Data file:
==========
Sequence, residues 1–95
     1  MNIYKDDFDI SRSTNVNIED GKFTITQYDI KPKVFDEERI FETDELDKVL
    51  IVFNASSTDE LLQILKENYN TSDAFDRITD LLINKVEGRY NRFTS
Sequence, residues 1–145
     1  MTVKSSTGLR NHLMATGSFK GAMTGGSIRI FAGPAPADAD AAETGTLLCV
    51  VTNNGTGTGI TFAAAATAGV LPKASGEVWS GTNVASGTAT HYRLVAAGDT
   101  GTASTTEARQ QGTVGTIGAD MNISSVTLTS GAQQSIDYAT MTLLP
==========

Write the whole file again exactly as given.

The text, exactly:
Sequence, residues 1–95
     1  MNIYKDDFDI SRSTNVNIED GKFTITQYDI KPKVFDEERI FETDELDKVL
    51  IVFNASSTDE LLQILKENYN TSDAFDRITD LLINKVEGRY NRFTS
Sequence, residues 1–145
     1  MTVKSSTGLR NHLMATGSFK GAMTGGSIRI FAGPAPADAD AAETGTLLCV
    51  VTNNGTGTGI TFAAAATAGV LPKASGEVWS GTNVASGTAT HYRLVAAGDT
   101  GTASTTEARQ QGTVGTIGAD MNISSVTLTS GAQQSIDYAT MTLLP